Academic journal article
By Kelley, James B.
Academic Exchange Quarterly , Vol. 9, No. 1
Teaching the Novel and Short Fiction. These essays cover a very wide range of topics, yet they can be organized meaningfully into three major groupings.
The first includes essays on the complications arising when we teach literature in radically different contexts. Layla Al Maleh and David L. Gugin address the challenges of teaching Anglo-American literature to students in the Arab world, whereas Rob Baum looks at the difficulty of spanning cultural differences--including race, class, gender, and sexuality--within the United States. Other essays reflect on related difficulties of teaching literature from earlier centuries to students of today. Carl H. Sederholm focuses on the Gothic and Matthew Hilton-Watson on French naturalism, while William Wandless addresses more general concerns about the 18th-century novel.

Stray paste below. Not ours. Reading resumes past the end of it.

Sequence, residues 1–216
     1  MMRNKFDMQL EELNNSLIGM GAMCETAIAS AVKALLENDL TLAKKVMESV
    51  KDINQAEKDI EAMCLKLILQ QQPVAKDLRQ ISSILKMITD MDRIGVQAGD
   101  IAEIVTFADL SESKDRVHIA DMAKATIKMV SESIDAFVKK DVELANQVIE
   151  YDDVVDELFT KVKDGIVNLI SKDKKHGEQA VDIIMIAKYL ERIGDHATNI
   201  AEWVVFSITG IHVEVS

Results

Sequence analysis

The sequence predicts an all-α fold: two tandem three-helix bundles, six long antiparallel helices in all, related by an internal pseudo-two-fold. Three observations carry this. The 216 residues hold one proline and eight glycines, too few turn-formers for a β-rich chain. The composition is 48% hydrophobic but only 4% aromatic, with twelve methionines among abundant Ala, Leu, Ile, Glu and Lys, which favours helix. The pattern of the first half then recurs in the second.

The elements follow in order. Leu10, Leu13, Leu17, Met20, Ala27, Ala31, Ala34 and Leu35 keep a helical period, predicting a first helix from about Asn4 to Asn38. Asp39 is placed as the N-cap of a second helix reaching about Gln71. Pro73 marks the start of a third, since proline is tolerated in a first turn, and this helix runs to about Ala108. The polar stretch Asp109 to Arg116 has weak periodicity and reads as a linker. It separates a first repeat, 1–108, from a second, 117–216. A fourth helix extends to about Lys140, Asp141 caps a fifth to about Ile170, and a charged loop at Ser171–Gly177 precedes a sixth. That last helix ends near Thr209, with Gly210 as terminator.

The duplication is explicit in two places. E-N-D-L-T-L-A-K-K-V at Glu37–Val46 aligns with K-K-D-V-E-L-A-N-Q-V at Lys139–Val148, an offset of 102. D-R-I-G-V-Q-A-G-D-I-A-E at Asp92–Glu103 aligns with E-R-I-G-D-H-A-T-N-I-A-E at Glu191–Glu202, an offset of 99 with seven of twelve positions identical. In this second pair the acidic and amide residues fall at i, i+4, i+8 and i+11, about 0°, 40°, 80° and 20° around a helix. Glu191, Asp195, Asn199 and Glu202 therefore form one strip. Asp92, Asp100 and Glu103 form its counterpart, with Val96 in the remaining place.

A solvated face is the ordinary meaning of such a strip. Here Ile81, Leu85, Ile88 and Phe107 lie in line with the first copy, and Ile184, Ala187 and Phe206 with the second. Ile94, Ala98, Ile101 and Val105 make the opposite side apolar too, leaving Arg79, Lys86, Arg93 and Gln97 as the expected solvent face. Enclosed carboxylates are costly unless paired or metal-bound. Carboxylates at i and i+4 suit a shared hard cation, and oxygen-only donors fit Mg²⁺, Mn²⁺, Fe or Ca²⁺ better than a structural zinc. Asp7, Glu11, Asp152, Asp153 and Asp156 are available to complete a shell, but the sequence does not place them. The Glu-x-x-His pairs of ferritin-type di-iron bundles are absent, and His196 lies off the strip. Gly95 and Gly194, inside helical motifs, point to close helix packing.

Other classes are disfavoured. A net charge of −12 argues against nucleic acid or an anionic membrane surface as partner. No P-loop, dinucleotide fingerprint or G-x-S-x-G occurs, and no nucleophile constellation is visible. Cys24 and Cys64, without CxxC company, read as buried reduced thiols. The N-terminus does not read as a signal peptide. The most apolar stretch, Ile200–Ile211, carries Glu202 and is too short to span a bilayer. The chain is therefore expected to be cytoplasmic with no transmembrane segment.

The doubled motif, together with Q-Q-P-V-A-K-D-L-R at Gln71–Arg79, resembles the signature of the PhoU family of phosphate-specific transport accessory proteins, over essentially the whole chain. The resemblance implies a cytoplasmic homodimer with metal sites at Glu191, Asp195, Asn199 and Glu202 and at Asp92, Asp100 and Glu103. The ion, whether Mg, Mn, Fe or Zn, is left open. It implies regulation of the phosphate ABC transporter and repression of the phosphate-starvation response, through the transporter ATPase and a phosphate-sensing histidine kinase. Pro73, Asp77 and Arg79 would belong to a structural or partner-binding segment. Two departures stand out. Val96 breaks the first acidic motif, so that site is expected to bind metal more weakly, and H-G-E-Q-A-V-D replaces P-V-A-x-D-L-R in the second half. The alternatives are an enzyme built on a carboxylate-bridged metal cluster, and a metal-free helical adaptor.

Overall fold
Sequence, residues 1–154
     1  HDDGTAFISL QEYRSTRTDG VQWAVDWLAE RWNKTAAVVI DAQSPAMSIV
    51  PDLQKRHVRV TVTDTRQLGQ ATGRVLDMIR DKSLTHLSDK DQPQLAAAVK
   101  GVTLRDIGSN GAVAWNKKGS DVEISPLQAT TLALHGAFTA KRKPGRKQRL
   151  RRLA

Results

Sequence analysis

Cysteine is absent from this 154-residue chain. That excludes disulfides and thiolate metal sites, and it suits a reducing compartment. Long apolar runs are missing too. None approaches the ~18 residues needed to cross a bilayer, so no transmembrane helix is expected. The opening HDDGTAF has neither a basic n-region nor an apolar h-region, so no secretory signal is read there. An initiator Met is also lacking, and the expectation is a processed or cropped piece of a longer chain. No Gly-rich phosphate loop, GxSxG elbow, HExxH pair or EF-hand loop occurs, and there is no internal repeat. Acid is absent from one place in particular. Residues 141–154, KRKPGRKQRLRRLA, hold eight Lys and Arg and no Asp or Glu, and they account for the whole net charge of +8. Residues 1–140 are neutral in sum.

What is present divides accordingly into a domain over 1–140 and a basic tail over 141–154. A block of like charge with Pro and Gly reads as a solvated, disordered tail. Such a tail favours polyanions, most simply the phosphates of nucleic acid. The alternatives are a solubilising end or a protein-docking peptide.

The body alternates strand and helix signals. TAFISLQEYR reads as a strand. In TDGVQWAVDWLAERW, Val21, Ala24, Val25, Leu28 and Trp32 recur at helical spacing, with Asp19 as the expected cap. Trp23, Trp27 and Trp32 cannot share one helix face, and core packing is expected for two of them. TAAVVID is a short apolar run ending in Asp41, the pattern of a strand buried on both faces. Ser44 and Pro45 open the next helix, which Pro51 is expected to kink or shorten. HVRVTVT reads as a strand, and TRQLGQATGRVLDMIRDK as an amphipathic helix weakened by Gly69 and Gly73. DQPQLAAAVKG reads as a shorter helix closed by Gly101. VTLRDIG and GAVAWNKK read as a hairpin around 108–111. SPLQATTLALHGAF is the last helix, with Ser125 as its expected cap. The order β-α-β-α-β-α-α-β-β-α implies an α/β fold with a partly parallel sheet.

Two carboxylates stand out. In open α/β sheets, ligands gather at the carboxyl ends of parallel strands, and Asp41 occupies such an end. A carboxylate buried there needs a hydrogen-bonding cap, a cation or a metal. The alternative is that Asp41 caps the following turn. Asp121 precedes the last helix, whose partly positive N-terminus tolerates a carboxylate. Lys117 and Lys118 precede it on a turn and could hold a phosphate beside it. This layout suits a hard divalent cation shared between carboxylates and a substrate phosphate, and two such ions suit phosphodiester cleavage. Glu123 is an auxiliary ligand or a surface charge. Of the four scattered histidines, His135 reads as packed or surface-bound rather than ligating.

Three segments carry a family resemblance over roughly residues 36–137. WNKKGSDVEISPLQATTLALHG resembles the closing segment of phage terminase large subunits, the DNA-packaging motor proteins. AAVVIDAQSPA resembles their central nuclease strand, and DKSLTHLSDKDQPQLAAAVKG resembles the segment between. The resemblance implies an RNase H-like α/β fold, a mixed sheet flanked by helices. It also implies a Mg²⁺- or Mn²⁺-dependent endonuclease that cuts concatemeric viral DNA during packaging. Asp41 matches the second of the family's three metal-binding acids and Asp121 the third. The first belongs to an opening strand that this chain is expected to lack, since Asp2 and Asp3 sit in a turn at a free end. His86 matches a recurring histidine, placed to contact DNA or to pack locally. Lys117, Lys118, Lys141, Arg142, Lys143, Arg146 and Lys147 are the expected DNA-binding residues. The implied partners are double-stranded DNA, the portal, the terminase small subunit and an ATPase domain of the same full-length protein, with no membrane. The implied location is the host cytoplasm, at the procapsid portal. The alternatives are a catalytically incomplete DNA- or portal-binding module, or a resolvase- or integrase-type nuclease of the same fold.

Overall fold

A second set focuses on the beginning student, particularly the non-English major, and the need to make meaningful connections between the work and the reader. Colin Irvine describes writing activities that guide students in exploring "the surprising similarities and/or differences between life and literature." Laura Rotunno asks students to consider how their expectations shape their interpretation of what they read. Ann M. Tandy-Treiber encourages students to confront and analyze the racism, sexism and other "isms" in 19th-century fiction. David C. MacWilliams relates how the use of "hometown" novels improves the sense of relevance of assigned readings for students in the composition classroom. …